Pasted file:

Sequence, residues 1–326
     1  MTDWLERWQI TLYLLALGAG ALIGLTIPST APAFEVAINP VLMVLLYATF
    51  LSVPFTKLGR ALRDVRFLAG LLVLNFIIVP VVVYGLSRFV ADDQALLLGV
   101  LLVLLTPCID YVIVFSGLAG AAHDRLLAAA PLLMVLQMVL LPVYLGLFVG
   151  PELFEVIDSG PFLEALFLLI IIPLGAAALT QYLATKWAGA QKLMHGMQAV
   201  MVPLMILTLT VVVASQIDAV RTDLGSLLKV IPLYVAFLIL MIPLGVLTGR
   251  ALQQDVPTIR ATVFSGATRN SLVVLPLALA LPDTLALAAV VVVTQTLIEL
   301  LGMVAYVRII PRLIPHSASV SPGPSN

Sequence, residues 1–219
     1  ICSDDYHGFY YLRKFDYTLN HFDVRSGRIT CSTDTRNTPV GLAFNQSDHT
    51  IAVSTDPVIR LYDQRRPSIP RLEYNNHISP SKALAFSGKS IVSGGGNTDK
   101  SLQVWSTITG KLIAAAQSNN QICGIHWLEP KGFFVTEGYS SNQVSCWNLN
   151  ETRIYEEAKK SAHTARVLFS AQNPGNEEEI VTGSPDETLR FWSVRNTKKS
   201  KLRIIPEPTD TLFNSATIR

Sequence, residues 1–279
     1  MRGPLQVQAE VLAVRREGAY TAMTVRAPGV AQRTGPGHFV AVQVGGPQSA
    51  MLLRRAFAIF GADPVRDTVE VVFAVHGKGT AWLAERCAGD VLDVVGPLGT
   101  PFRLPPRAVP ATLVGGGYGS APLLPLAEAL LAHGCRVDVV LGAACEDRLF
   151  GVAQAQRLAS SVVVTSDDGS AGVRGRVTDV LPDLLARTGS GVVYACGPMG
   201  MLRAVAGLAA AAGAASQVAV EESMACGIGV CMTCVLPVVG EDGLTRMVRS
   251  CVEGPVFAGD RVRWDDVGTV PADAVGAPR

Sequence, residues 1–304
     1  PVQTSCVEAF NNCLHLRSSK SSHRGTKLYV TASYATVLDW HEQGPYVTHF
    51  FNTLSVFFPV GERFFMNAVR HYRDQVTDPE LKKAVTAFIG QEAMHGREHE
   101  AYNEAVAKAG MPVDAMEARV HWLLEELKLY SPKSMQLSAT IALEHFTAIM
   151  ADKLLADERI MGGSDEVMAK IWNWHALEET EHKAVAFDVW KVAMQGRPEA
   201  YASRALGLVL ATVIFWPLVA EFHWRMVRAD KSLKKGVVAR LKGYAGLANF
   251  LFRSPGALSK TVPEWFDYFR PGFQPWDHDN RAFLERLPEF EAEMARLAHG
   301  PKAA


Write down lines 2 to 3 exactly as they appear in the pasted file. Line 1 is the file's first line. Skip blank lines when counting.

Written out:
     1  MTDWLERWQI TLYLLALGAG ALIGLTIPST APAFEVAINP VLMVLLYATF
    51  LSVPFTKLGR ALRDVRFLAG LLVLNFIIVP VVVYGLSRFV ADDQALLLGV